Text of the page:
Three points at the Cottage as Arsenal impress behind closed doors once again

Former editor Kevin Whitcher’s take on opening Premier League fixture v Fulham from his new blog

Three points at the Cottage as Arsenal impress behind closed doors once again

The away end yesterday – an untypical view. Photo: Offside

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Fulham 0 Arsenal 3
Premier League
Saturday 12th September 12.30pm

Firstly, this is taken from my own blog (see link at the bottom) which I have started because a number of people have expressed the wish to continue reading my musings after Arsenal matches, and I quite enjoyed writing them to reflect on events on the pitch. I’ve handed over The Gooner and its website to Layth Yousif, and truth to tell, my offerings would quickly get swamped here and sink out of view due to the sheer mass of content, given the new editor is far more active online than I ever had the time for. I did hope to start this after the Community Shield victory over Liverpool, but most of my time these days is being spent developing my holistic therapy business, which requires more hours than I’d choose, but which I am enjoying nevertheless. As for the blog itself, I’ll tart up the look of it in time, but for now I just want to get it up and running or it will never happen. So with that, onto the reason we are all here…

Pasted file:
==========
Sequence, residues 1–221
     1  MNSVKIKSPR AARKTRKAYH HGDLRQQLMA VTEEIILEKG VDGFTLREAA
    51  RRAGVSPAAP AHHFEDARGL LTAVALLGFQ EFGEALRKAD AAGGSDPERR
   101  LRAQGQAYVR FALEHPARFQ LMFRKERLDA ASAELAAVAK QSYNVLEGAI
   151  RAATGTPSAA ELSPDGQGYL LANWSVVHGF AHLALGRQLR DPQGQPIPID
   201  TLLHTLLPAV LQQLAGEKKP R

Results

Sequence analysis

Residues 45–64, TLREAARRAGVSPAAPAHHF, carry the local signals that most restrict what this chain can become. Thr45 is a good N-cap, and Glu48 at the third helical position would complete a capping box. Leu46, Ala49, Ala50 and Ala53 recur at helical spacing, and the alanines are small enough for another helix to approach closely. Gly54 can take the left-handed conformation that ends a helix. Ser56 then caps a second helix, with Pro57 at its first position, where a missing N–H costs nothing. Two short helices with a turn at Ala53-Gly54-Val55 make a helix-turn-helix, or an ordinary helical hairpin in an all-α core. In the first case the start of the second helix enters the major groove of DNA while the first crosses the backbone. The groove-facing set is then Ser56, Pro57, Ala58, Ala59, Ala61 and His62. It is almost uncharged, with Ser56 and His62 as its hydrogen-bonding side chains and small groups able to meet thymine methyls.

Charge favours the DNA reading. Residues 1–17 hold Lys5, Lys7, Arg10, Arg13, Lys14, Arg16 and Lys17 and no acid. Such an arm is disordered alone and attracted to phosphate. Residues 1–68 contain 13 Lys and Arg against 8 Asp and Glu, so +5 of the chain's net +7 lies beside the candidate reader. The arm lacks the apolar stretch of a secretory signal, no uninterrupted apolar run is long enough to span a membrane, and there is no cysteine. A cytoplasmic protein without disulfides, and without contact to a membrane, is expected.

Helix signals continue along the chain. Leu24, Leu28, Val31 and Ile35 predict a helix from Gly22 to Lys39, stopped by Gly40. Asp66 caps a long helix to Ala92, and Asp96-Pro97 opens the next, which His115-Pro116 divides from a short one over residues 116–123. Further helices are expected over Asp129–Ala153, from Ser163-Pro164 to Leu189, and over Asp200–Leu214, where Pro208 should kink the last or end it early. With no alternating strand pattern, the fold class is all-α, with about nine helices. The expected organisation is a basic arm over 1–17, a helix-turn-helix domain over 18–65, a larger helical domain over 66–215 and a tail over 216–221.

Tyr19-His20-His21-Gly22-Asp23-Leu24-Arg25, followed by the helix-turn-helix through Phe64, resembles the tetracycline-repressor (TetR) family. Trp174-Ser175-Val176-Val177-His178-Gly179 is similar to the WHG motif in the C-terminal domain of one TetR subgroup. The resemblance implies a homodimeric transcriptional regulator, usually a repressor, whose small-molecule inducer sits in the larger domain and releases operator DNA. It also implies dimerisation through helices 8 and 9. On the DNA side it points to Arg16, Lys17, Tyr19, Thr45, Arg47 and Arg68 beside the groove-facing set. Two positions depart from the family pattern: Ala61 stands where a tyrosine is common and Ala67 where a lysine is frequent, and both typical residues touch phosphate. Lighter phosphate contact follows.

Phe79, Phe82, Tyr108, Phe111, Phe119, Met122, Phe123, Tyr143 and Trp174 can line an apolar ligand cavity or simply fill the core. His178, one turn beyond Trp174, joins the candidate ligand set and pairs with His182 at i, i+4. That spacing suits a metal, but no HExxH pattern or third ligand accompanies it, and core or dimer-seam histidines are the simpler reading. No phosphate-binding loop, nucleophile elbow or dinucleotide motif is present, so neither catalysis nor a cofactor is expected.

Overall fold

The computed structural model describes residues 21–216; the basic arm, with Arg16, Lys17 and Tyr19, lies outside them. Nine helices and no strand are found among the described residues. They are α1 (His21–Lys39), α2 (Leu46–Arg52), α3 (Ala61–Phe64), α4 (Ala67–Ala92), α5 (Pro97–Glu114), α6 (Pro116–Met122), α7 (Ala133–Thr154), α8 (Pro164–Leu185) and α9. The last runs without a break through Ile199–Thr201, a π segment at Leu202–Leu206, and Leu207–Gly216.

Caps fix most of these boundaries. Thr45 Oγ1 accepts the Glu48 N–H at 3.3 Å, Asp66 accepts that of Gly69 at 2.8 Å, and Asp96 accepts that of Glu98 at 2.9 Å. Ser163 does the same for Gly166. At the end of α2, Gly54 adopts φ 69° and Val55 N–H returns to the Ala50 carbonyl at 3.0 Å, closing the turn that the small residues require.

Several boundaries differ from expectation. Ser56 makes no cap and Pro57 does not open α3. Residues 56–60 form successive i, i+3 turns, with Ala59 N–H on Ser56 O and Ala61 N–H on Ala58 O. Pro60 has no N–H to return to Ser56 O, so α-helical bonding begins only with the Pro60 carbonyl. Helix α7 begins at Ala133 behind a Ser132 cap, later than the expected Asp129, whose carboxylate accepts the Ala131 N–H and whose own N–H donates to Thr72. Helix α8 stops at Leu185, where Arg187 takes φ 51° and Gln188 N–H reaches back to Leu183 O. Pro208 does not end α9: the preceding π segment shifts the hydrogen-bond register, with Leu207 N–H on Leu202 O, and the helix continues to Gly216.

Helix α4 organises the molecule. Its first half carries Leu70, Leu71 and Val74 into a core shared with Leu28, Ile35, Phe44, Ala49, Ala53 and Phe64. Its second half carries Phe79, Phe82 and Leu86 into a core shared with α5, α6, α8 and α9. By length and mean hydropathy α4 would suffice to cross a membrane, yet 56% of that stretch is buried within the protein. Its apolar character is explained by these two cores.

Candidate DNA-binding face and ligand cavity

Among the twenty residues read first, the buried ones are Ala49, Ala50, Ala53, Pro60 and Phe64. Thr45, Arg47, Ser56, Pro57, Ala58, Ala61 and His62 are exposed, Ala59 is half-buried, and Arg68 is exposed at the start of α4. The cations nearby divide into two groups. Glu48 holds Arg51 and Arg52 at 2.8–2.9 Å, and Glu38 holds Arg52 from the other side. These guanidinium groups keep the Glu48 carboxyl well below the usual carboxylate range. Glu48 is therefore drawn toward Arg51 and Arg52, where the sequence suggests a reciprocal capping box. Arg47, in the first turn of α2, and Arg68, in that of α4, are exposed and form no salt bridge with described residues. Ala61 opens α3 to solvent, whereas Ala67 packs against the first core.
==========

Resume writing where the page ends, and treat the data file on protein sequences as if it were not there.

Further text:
Fulham away is traditionally a popular trip with Gooners for a lot of reasons, not least the old-style feel of the stadium evoking memories of simpler, and younger times for many. We await to see if fans will be able to attend any matches in the away section this season, but many will have certainly been sorry that the 2020-21 Craven Cottage visit was a behind closed doors match. Still, if you were able to catch the game without fake crowd noise, it was interesting to hear Mikel Arteta’s constant coaching, in three different languages.

Now, of course, promoted teams should, in theory, be meat and drink for clubs who have serious ambitions of competing at the top end of the table. Last season told the truth of how much Arsenal struggled in that regard. The visits to Aston Villa, Norwich and Sheffield United saw the team take one point from nine. Granted, no game in the Premier League, especially away from home is a formality, but let’s be honest, it was a huge relief to win the opener after only securing four wins out of 19 last time out.